Furthermore, we demonstrate that AmEVs can activate AMPK, which is involved in tight junction regulation. The role of AMPK activation in fortifying epithelial tight junctions has been widely studied.42 AMPK is essential for the assembly of tight junction proteins at cell–cell junctions, and initiation of tight junction assembly is compromised in cells lacking active AMPK.41, 42 EVs derived from A. muciniphila promote tight junction expression by activating AMPK. This was proven by the abolishment of the effects of AmEVs after AMPK inhibitor treatment (Figure 4).

However, it is yet to be determined what component of AmEVs activates AMPK. Here we simply visualized the protein banding patterns of AmEVs and EcEVs using SDS-PAGE. Our analysis revealed different protein contents in the two different EVs, and this difference may contribute to the varying effects of each EV, as proteins are typically the functional component. However, proteins are not the only molecules that can influence the physiological condition of the cells. Therefore, finding the effective component in the EVs is a challenging task, as these vesicles are composed of several molecules, including proteins, lipids, nucleic acids and other factors.71, 72 Proteomic or lipidomic experiments would help to identify the specific molecule or molecules in AmEVs that contribute to the regulation of intestinal barrier integrity.

Here we focused on the role of EVs in promoting intestinal barrier integrity. Convincing evidence supporting a role for EVs as arbitrators of microbiome–host signaling is only starting to emerge. In this study, for the first time, we identified a potential role for EVs from A. muciniphila in improving gut barrier integrity under pathophysiological conditions induced by high-calorie eating habits. We observed that AmEVs from gavage penetrate the large intestine and spread to peripheral tissues. However, our results do not verify whether EVs remained intact after traveling throughout the body. Moreover, there are no data on the ratio of EVs in the gut to EVs in peripheral tissues. It is important to measure these circulating vesicles in order to determine the efficiency of EV influence on host cells. It would also be interesting to investigate the role of EVs in peripheral tissues such as muscle, adipose tissue and liver and how EV–host interactions at the tissue level contribute to physiology and homeostasis. Thus further investigations to identify the pathways of EVs will provide a more thorough understanding of the mechanisms underlying the complex role of EVs in physiological and pathophysiological conditions.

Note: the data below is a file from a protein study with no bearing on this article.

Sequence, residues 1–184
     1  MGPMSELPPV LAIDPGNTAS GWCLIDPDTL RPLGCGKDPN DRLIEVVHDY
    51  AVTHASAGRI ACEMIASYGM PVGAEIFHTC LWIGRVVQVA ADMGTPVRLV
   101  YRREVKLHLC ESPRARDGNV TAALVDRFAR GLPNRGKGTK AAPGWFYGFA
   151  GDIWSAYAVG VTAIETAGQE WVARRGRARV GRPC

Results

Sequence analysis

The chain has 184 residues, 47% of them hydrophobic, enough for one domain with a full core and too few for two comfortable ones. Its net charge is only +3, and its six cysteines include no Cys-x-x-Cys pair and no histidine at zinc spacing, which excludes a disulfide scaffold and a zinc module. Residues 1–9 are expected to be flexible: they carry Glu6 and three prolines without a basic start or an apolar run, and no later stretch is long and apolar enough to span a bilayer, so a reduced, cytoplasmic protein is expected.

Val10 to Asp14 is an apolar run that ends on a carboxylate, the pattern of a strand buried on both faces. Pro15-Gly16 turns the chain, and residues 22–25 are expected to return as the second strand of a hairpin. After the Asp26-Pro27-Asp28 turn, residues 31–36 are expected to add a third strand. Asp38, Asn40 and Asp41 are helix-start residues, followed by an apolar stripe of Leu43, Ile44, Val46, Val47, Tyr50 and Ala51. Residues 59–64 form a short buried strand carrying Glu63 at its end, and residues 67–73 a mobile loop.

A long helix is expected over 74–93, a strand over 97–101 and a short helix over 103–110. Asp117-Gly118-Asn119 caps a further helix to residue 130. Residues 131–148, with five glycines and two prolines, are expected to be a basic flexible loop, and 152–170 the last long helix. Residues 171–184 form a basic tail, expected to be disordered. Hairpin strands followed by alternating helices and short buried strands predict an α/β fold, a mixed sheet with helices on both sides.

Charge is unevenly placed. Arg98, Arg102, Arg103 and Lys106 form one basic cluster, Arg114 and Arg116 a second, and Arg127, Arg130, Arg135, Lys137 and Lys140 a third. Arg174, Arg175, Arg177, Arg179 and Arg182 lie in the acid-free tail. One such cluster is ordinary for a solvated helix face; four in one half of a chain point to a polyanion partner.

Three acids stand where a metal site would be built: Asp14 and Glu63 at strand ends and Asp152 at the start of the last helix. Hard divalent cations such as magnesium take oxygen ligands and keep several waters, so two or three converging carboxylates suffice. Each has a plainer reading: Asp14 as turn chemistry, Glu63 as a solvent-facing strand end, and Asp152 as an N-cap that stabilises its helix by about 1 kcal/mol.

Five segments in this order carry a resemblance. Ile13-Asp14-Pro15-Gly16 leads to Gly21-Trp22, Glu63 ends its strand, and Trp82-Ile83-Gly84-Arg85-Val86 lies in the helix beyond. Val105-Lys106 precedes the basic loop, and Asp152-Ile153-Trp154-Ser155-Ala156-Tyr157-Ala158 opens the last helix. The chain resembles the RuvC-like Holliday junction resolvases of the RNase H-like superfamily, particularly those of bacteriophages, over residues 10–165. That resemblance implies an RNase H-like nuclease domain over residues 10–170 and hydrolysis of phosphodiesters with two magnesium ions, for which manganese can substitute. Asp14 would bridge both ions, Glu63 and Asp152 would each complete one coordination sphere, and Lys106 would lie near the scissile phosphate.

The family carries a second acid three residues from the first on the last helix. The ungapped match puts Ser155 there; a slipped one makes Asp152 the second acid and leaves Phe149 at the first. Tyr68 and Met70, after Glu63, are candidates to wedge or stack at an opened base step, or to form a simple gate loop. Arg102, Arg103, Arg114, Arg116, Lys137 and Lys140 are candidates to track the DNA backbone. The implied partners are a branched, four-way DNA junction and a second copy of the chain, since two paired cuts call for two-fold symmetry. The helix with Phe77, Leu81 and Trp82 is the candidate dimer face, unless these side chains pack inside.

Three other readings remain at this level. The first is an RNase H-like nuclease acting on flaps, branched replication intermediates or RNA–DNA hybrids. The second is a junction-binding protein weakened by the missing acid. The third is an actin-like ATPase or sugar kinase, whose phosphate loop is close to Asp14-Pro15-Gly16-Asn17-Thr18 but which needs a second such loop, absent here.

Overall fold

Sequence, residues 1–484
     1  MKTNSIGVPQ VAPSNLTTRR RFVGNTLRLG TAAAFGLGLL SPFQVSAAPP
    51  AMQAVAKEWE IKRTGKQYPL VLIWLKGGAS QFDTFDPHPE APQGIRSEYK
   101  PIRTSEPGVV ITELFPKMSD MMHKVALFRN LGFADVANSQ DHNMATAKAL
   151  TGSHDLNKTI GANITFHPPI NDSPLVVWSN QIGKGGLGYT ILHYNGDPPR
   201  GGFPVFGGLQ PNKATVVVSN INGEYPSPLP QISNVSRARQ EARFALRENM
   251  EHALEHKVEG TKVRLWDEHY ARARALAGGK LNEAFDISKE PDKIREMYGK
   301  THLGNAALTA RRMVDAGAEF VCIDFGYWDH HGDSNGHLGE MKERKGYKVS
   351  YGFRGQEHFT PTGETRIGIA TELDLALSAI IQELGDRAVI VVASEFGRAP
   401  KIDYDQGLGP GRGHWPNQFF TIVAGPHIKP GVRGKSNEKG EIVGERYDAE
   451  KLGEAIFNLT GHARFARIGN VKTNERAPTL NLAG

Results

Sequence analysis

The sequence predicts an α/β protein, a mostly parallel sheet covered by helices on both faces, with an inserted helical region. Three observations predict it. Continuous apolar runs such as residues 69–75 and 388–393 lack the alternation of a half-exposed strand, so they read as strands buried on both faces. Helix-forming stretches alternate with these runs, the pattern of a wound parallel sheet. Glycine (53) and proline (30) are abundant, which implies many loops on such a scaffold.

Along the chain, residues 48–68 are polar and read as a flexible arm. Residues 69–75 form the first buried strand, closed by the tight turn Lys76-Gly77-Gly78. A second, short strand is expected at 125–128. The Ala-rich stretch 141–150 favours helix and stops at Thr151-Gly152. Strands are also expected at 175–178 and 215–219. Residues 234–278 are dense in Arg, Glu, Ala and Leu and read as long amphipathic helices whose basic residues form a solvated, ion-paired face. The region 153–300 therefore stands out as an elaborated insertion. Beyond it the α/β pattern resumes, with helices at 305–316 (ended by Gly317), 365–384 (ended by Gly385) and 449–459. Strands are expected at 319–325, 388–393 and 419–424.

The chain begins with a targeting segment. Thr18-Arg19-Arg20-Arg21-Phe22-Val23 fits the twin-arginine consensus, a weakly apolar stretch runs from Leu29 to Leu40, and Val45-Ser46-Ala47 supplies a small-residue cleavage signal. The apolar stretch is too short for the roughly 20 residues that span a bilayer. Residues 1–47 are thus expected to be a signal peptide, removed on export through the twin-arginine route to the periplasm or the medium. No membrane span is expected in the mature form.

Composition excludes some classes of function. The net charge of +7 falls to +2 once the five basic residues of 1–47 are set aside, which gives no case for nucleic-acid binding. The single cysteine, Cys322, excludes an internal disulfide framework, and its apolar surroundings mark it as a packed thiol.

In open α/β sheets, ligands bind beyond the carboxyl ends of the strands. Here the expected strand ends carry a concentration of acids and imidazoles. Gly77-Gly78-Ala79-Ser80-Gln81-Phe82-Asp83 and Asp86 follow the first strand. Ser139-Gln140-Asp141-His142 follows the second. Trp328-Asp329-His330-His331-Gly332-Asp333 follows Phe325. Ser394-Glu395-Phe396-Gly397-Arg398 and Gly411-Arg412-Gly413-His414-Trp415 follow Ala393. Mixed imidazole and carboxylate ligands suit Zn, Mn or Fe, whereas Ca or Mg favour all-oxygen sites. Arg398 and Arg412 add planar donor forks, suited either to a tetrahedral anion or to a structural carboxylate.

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Acknowledgements

This work was supported by a National Research Foundation of Korea (NRF) grant funded by the Korean government (MEST) (No. NRF-2016K1A1A2912722), the Ministry of Health and Welfare (No. HI14C0306) and the Samsung Research Funding Center of Samsung Electronics (SRFC-MA1502-14).

Author contributions

CC and YC designed the experiments, analyzed the data and wrote the manuscript; D-KK analyzed the clinical metagenomic data and wrote/revised the manuscript; HTP, YK and JJ performed the experiments; M-SK, Y-KJ, YSG, YK, JG and SHR designed this project and provided directions for the manuscript. All authors reviewed and approved this manuscript.

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Author notes

    • Chaithanya Chelakkot
    •  & Youngwoo Choi

    These authors contributed equally to this work.

Affiliations

  1. Division of Integrative Biosciences and Biotechnology, Pohang University of Science and Technology, Pohang, Republic of Korea

    • Chaithanya Chelakkot
    • , Dae-Kyum Kim
    •  & Sung H Ryu
  2. Department of Life Sciences, Pohang University of Science and Technology (POSTECH), Pohang, Republic of Korea

    • Youngwoo Choi
    • , Hyun T Park
    • , Yonghoon Kwon
    • , Jinseong Jeon
    • , Yong S Gho
    •  & Sung H Ryu
  3. NovaCell Technology Inc., Pohang, Republic of Korea

    • Jaewang Ghim
  4. Asan Institute of Life Sciences, University of Ulsan College of Medicine, Seoul, Republic of Korea

    • Min-Seon Kim
  5. Department of Internal Medicine, Dankook University College of Medicine, Cheonan, Republic of Korea

    • Young-Koo Jee
  6. Department of Allergy and Clinical Immunology, Ajou University School of Medicine, Suwon-si, Republic of Korea

    • Hae-Sim Park
  7. MD Healthcare Inc., Seoul, Republic of Korea

    • Yoon-Keun Kim

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The authors declare no conflict of interest.

Corresponding authors

Correspondence to Yoon-Keun Kim or Sung H Ryu.